“Yes, Rien,” he says. I know that’s wrong. He always called me Ascendency.
“Cazerien,” he says again. I pull away from him, trying to understand what has turned this well-worn script improvisational.
“Rye-en,” he says, but his voice is feminine, urgent, irritated. “Cazerien Alzandra Lyria descendara Galene, wake up now.”
My Elevation ball vanished and I opened my eyes to a single lamp on my desk. Avah, wrapped in a bedrobe and her hair hanging over her shoulder, stood over me. I fumbled for my pocket clock on the bedside table and squinted at the hands. Third hour of the morning. I didn’t get home until tenth hour of the night and didn’t fall asleep until nearly midnight. “It’s not sixth, yet,” I said, “and we needn’t be at Privy Council until seventh, and not to Morning Audience until eighth, and not to my bench until ninth. Why are you waking me?”
“Oi, I didn’t ask for it, either,” my assistant said. “I was quite comfortable in a well-warmed bed with a lovely body, despite this freezing barn of a museum, but someone left orders not to be disturbed. Who would that be? Oi, right, you.”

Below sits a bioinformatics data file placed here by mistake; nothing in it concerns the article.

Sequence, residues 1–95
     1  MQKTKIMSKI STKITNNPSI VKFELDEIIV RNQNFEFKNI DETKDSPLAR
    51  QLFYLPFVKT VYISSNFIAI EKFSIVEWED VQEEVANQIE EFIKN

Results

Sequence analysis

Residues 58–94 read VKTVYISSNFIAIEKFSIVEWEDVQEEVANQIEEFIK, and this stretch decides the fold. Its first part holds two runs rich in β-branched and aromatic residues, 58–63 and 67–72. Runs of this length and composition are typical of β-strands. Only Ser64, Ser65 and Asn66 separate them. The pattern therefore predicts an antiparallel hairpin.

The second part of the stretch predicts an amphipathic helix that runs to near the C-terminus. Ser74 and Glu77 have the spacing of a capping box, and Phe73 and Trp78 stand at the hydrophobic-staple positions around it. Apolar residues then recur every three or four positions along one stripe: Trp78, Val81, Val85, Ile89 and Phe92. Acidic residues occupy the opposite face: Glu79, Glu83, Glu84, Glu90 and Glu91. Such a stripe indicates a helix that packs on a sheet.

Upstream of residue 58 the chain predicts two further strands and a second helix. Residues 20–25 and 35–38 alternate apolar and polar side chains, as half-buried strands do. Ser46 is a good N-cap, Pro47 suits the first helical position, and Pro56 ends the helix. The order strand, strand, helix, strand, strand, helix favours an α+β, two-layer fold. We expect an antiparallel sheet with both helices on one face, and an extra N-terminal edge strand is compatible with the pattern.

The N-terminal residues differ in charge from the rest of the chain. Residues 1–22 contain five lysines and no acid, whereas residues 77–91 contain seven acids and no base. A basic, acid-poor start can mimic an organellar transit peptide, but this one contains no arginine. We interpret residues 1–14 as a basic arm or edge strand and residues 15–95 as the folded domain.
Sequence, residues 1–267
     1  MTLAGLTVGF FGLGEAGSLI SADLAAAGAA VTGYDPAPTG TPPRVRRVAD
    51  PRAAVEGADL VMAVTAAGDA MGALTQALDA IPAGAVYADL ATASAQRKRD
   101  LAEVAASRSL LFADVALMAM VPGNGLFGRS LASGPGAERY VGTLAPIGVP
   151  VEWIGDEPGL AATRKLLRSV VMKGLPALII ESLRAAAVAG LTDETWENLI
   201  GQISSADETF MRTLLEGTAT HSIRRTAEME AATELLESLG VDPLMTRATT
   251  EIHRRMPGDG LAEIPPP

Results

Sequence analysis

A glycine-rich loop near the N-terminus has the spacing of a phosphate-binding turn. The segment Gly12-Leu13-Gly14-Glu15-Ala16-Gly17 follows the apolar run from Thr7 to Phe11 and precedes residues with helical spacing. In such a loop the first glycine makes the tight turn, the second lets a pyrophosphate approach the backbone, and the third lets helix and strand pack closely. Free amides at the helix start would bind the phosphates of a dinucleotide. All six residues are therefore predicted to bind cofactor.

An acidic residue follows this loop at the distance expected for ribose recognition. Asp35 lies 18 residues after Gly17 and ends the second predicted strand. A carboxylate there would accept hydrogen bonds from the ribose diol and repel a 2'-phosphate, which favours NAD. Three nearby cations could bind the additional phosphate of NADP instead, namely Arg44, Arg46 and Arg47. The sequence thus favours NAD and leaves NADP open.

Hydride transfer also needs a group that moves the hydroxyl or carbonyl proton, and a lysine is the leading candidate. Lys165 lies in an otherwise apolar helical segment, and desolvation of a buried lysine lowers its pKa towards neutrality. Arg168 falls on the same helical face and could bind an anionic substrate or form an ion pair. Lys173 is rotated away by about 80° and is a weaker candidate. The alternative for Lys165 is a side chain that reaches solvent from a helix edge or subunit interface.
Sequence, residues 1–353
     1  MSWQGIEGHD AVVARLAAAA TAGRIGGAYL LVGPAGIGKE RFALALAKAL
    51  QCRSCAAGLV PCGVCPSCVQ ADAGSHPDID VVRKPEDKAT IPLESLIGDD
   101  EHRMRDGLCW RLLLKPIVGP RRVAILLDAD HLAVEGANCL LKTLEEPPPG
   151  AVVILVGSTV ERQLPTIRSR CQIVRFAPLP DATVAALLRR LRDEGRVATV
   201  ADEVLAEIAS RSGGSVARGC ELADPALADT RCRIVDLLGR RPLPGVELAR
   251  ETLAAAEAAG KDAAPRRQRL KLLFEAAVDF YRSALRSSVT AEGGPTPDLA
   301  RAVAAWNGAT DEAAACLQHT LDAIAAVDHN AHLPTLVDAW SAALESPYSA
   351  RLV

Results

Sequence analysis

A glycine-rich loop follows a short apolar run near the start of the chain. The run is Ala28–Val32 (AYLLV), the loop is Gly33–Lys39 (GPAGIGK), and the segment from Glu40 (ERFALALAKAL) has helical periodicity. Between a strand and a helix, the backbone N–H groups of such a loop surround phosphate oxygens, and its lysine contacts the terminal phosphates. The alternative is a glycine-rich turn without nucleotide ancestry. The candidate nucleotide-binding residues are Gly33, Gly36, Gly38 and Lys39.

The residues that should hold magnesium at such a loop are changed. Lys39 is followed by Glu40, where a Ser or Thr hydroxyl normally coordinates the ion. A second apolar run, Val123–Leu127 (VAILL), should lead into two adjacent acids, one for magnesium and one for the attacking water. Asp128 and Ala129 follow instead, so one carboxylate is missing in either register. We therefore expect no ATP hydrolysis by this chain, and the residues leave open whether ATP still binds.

“Right,” I groused. “My orders don’t apply to you, but they really should. I’m awake. What?”
“Message, and if it wasn’t coded to within an inch of its life, I’d have dealt with it.”
I growled low in the back of my throat and flung myself out of bed. The two cats nestled where my feet had been slid out from under the blankets and gave me hurt looks at being disturbed. “Who’s your tumble? I thought Norden went home to Palisar.” I pulled my bedgown on as my feet ached from the cold floor.
“He did, and I wish him and Marta great contentment, a profitable partnership of his land and her money and many happy children. Sam, Pronemor tret Lowen,” she said. “The odd-day senior on your afternoon guards. Who happens to possess a clever tongue.”